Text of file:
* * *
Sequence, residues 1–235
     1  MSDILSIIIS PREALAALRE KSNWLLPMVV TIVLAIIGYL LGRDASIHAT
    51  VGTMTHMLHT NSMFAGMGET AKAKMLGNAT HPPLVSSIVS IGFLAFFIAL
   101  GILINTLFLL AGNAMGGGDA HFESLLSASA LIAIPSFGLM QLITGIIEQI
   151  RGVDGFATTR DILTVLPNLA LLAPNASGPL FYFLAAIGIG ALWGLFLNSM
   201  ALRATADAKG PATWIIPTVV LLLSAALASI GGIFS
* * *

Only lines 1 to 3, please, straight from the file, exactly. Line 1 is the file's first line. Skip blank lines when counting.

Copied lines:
Sequence, residues 1–235
     1  MSDILSIIIS PREALAALRE KSNWLLPMVV TIVLAIIGYL LGRDASIHAT
    51  VGTMTHMLHT NSMFAGMGET AKAKMLGNAT HPPLVSSIVS IGFLAFFIAL